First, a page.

While these changes have been predominately beneficial, they raise issues such as how to fund pensions,5 prolong active ageing and maximise Third Age quality of life.6 Accordingly, at a time when labour market participation at older ages has been falling sharply, the UK government has responded with a range of initiatives to prepare for population ageing including a package of measures designed to enable people to retire later. Health is an important part of these challenges and should be given due weight in debates about the appropriate policy response. This paper, therefore, focuses on understanding whether those economically inactive nowadays are healthier than their equivalents in past decades. We examine the relationship between labour market position around the State Pension Age and subsequent mortality and morbidity in England and Wales using longitudinal data for the period 1971–2006. In the UK, State Pension Age (SPA) is currently 60 and 65 for women and men respectively. For many currently in the workforce, it will soon be 65 for both sexes, and will rise progressively for both sexes to 68 by 2046. This study has international relevance because most rich countries share the same combination of decreasing labour market participation in late middle age, and debates about the appropriate policy responses.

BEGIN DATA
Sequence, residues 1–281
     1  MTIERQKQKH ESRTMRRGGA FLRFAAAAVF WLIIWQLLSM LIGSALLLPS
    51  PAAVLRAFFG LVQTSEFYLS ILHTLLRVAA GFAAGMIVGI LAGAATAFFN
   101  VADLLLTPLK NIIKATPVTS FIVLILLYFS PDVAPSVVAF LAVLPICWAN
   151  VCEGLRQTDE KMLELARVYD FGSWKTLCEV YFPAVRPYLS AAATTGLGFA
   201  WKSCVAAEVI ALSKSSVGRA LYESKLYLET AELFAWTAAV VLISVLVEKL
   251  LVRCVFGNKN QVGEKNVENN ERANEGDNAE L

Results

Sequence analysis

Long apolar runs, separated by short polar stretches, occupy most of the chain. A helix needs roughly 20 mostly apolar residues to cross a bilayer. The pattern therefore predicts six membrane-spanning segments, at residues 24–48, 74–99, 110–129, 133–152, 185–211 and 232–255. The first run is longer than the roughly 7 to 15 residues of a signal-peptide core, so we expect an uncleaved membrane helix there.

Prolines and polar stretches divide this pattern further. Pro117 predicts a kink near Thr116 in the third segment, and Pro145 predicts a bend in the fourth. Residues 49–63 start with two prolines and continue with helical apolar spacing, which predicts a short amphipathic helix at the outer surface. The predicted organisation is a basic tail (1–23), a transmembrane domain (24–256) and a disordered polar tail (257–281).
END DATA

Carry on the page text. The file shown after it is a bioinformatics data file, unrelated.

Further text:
It is known that there is a relationship between labour market position—that is whether a person is employed, self-employed, unemployed or not looking for work—and subsequent health across the years of working life.7 8 Much debate has been concerned with understanding whether observed associations between labour market position and health are causal or reflect selection bias.9 If the relationship between labour market position and health reflects selection, poorer health among the unemployed compared with workers may reflect the fact that people in poorer health are more likely to lose their jobs, while those with better health are more likely to stay in work. Selection may also be due to factors other than health such as education level and socio-economic position,10 which are known to be independently associated with health.